To better understand the biological functions of the DMS-identified module genes, we conducted a Gene Ontology (GO) enrichment analysis by using DAVID. The enriched biological processes were related with negative regulation of protein metabolic process and proteasomal protein catabolic process. The enriched molecular functions were about transcription regulator activity and transcription factor activity. Further information of GO enrichment analysis of module genes was summarized in Supplementary Table S3.

We also computed the tissue specificity of module genes by using the Gene Enrichment Profiler. In the transcript expression heatmap (Supplementary Figure S2), approximately two-thirds of these genes were highly expressed in immune-related cell types (specifically, B, T and myeloid cells). In the transcript enrichment heatmap (Supplementary Figure S3), we found module genes were preferentially expressed in the immune cell types.

Module genes and sigMHC-genes as candidates for pSS

To explore whether exist interactions between the DMS-identified module genes and sigMHC-genes, we extracted these genes and according interactions from the node-weighted pSS network, resulting in a subnetwork as shown in Fig. 1b. Most of sigMHC-genes directly or indirectly connected with module genes except 6 singletons and two isolated PPI pairs (HLA-DPB1 vs. HLA-DPA1 and HLA-DQB1 vs. HLA-DQA2). The combined module genes and sigMHC-genes were defined as candidate genes (71 genes) for pSS. Of these candidates, four genes (STAT4, GTF2I, HLA-DPB1 and HLA-DRB1) had been reported their association with pSS in the original GWAS dataset6 and gene PTTG1 (pituitary tumor-transforming 1) had been reported as suggestive association (rs2431098, allelic meta P-value = 2.28 × 10−7; rs2431697, allelic meta P-value = 3.76 × 10−6) with SS in another GWAS study of SS in European descent5. In addition, three genes (HLA-DQB114, MBL215 and TAP216) had been previously reported their association with SS/pSS by candidate gene studies.

Given the overlap of certain clinical and serologic features between pSS and other autoimmune diseases (AIDs), such as Rheumatoid arthritis (RA) and Systemic lupus erythematosus (SLE), it is reasonably assumed that pSS might share some genetic signatures with other AIDs17. Hence, we also investigated how many candidate pSS genes had been reported their susceptibility to either SLE or RA by searching GWAS studies collected in GWAS Catalog8. The overlaps of candidate pSS genes among SLE and RA was shown in Fig. 2. Another six genes with positive evidence associated with SLE or RA were obtained, including five genes (HLA-DRA18, HLA-DQA219, CFLAR20, NFKBIE20,21,22 and APOM23) reported to be associated with RA and two genes (HLA-DQA224,25 and NOTCH424) reported to be associated with SLE. Gene HLA-DQA2 was overlapped between RA and SLE. These six SLE and RA susceptibility genes might be the shared genetic signatures between AIDs. In addition, four genes (STAT46,20,22,24,25,26,27, HLA-DQB114,19,24,27,28,29, HLA-DRB16,20,26,27 and MBL215,30,31) were overlapped among SS, SLE and RA and gene PTTG1 was overlapped between SS and SLE5,24.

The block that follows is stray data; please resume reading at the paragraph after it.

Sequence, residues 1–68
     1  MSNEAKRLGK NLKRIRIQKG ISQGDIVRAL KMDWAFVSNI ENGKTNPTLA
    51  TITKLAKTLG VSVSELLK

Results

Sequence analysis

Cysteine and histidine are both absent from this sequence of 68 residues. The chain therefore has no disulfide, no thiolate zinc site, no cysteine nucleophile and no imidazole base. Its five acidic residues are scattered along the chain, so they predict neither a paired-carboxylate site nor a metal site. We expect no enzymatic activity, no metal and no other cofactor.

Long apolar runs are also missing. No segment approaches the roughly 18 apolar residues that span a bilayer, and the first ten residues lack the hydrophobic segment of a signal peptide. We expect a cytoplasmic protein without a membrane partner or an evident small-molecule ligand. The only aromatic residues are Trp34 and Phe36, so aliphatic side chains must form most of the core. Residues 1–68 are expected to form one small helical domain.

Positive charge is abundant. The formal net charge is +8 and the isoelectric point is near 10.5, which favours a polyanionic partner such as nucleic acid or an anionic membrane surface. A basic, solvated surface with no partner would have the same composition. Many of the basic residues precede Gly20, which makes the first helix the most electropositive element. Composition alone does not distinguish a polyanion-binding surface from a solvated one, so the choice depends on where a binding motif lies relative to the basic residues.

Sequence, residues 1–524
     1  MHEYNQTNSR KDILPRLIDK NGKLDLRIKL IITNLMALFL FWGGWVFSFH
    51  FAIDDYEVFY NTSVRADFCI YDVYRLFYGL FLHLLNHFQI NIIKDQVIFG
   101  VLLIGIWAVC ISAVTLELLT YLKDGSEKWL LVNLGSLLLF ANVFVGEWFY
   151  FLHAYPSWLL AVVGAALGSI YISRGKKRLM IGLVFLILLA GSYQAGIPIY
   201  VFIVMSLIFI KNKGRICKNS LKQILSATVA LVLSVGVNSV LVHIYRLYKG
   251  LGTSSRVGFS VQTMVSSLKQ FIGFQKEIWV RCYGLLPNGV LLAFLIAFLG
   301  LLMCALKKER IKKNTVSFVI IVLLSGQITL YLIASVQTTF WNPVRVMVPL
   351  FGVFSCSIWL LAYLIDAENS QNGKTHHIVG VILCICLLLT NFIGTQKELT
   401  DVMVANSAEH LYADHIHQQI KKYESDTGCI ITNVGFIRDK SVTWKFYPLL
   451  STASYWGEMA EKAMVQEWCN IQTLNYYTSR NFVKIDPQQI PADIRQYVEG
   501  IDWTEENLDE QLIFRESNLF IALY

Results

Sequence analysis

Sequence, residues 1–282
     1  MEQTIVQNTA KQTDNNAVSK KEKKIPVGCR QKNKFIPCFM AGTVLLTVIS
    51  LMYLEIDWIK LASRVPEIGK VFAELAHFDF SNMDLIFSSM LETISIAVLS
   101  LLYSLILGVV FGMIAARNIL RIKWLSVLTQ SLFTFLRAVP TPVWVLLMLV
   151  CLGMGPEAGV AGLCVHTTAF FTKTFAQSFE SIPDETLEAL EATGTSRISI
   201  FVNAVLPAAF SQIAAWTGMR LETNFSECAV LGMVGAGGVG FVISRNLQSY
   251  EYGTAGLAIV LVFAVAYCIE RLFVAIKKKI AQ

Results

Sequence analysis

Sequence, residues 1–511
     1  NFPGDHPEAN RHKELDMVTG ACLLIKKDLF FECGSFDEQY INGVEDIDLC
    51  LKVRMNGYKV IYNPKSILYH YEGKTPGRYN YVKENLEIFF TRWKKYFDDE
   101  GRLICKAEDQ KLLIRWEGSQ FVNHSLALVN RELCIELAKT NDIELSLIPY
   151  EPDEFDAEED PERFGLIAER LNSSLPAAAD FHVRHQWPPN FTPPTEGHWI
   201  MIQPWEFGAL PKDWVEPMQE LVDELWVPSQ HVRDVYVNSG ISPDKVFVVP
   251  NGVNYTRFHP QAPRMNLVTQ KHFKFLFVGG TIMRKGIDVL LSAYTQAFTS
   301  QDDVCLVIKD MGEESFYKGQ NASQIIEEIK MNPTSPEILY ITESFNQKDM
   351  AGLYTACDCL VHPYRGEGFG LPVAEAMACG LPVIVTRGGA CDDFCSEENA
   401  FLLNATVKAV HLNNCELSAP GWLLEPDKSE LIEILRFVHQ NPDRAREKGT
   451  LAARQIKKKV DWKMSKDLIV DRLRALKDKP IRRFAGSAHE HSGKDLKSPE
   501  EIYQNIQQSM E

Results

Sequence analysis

Figure 2
figure 2

The overlaps of candidate pSS genes among other autoimmune diseases.

The green, blue and pink circles indicate the candidate pSS genes that have positive evidence to be associated with SS, SLE and RA, respectively.


Unlike the extensive GWAS experiment in other AIDs, such as RA and SLE, there have been only two GWAS studies in SS/pSS until now5,6. Genetic studies of pSS have lagged behind. To further mining the existing genetic data, network-assisted analysis of pSS GWAS in Han Chinese was performed in order to explore the joint effects of multiple genetic association signals on pSS and discover additional candidate genes associated with pSS pathogenesis. First, all SNPs were first mapped into genes and gene-based association was performed by using VEGAS. Then, dense modules were dynamically searched in the context of the node-weighted pSS network via DMS, yielding thousands of functional modules. To avoid false positive results and the topology bias, a strict criterion was applied to select modules with significant genetic signals. After two stepwise significance tests (see Methods), 8 modules covering 40 genes were screened out. These 40 module genes had a high proportion of significant genes (60%) and preferentially expressed in immune-related cell types. The proteins encoded by the DMS-identified module genes were more closely interconnected than what would be expected by random cases, as suggested by DAPPLE analysis. In addition, there were 31 MHC genes with significant gene P-values, defined as sigMHC-genes. To avoid the results of module search focusing on MHC region, the sigMHC-genes were not set as “seed genes” (see methods) and directly remained as part of final results. By merging all module genes and sigMHC-genes, a total of 71 genes were involved and denoted as candidate pSS genes.

Of the 71 candidate pSS genes, eight genes had been previously reported their association with SS/pSS, as well as another six genes that had positive evidence associated with SLE or RA (Fig. 2). All the 14 reported genes had significant gene P-values (see Supplementary Table S2). Considering that pSS might share genetic signatures with SLE and RA to some extent, these six SLE or RA susceptibility genes were very likely associated with pSS. For example, one of reported RA susceptibility genes was NFKBIE (nuclear factor of kappa light polypeptide gene enhancer in B-cells inhibitor, epsilon)20,21,22, which is a non-MHC gene with gene-level P-value of 0.00801. NFKBIE, also known as IκBε, is part of the IκB family of proteins that regulates NF-κB-dependent transcription by inhibiting DNA binding and localizing these factors to the cell cytoplasm32. It has been demonstrated that IκBα (another IκB family of protein) promoter polymorphisms are associated with susceptibility to SS33. In addition, NF-κB plays an important role in inflammatory diseases and in the development of autoimmunity34. Experimental studies have shown an activation of NF-κB in pSS. These clues implied that NFKBIE might be also associated with pSS.